Heiko Maas, the justice minister, said: “There must be as little space for criminal incitement and slander on social networks as on the streets.”
“Too few criminal comments are deleted and they are not erased quickly enough,” Mr Maas added.
“The biggest problem is that networks do not take the complaints of their own users seriously enough…it is now clear that we must increase the pressure on social networks.
“We need legal regulations to make companies even more obligated to delete criminal content.”
The justice ministry said Facebook takes down only 39 per cent of content reported by users, and only 33 per cent within 24 hours of the complaint, while on Twitter one in 100 reported messages are erased.
Mr Maas praised YouTube for much higher rates, standing at 90 per cent of reported content being deleted and 82 per cent within a day.
Manuela Schwesig, the federal youth minister, said hatred endangers cohesion and is a “poison for society”.
“It cannot be that companies make huger profits from their social networks, and at the same time evade their responsibilities in the fight against hate messages,” she added.
While “fake news” in itself is not illegal, supporters of restrictions say it often incorporates defamation and incitement that would be punished if carried by traditional media.
The proposal would require companies to provide a round-the-clock service for users to flag illegal content, which would have to be removed by the site within seven days.
All copies of the content would also have to be deleted and social media companies would need to publish a quarterly report detailing how they have dealt with such material.
Sites would also have to nominate a person responsible for handling complaints, who could face fines of up to €50m (£4.4m) personally if the company fails to abide by mandatory standards.
Mr Maas said the measures, which will be part of a bill to be put before the Bundestag, would not restrict freedom of speech and that there were no plans to create a truth commission against “fake news”.
The plan is part of continuing efforts in Germany to impose laws against libel and inciting hatred or violence on social media.
Online debate around a series of Isis-inspired terror attacks in Europe and mass sex attacks in Cologne on New Year’s Eve 2016 has drawn national attention to the issue, as Germany approaches its elections in September.
Among those targeted by abusive posts was Anas Modamani, a teenage Syrian refugee whose chance selfie with Angela Merkel went viral in 2015.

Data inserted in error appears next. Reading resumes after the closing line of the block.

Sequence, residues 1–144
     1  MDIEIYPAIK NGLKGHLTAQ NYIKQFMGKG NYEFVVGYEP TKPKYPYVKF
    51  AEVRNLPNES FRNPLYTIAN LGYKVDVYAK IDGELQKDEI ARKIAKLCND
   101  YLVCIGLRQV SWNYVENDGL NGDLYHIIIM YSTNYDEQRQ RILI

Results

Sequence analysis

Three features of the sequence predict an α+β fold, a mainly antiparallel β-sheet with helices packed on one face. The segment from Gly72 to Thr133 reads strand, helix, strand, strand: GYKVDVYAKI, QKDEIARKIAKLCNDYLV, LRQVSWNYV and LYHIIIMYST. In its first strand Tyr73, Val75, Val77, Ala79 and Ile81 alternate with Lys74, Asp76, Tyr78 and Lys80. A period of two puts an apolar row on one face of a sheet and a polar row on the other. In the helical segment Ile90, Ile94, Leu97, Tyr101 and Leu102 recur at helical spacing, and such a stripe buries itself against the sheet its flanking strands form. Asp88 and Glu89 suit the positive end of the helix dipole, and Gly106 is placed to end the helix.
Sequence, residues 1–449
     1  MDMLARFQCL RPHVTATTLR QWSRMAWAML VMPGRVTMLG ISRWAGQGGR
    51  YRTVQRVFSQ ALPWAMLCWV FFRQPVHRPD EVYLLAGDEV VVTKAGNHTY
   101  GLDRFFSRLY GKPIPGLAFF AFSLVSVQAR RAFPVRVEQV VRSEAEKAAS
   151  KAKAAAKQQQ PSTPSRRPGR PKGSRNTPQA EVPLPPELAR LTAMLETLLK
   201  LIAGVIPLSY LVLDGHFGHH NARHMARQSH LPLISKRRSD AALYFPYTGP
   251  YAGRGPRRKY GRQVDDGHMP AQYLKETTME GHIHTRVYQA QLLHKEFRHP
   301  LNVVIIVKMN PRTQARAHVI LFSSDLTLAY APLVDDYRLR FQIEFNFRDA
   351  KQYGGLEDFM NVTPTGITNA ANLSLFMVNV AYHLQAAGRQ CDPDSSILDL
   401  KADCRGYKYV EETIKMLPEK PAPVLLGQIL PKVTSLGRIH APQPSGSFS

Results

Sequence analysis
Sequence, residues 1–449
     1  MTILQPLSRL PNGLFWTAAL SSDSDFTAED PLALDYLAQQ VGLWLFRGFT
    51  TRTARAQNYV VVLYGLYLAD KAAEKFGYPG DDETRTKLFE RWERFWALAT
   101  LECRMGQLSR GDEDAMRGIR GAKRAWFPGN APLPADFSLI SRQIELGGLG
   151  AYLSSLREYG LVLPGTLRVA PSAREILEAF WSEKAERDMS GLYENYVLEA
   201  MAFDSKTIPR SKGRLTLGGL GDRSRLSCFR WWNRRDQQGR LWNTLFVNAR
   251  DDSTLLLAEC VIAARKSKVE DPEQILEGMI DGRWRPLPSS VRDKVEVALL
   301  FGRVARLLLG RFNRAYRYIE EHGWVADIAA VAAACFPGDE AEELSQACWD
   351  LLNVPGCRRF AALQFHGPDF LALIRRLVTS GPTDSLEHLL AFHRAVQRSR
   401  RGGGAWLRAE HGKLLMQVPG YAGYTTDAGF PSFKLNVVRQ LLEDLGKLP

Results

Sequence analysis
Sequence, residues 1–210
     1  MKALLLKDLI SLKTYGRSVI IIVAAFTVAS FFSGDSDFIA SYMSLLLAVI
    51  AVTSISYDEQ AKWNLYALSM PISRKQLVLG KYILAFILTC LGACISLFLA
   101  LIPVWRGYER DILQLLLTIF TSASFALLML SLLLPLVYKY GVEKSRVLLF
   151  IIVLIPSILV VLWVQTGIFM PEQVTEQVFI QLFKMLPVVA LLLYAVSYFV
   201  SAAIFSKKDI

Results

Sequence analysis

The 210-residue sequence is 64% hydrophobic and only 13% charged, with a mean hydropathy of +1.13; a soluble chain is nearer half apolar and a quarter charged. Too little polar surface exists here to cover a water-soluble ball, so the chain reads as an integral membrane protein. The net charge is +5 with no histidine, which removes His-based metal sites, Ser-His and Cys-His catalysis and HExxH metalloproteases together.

His photo was used in Facebook posts accusing him of links to terrorist attacks and the attempted murder of a homeless man in Berlin, with the images remaining online despite a series of attempts to have them removed.
The lies were repeated on Twitter and on websites posing as “anti-mainstream media” news outlets, where the articles remain.
Mr Modamani, now 19, attempted to sue Facebook for damages and was seeking an injunction that would force the social media giant to actively search for and remove such posts, rather than wait for users to flag violations of the site’s “community standards”.
Würzburg district court threw out his case last week, finding that Facebook is “neither a perpetrator or participant in the smears” and criminal responsibility sat with users.
Facebook has already built in new tools allowing German users to combat the spread of fabricated news stories, which allow posts to be flagged and passed to third party fact-checkers.
A spokesperson said it had taken measures to train staff on how to deal with the legal situation in Germany and expects to have 700 people in Berlin examining flagged content by the end of the year.
It said its own tests showed a higher rate of content removal than the figures cited by the German justice ministry and that it would meet its obligations under German law.
Twitter declined to comment on the proposal but noted a number of measures taken in recent months that it said are designed to prevent abuse and allow users to filter unwanted content.
Additional reporting by Reuters
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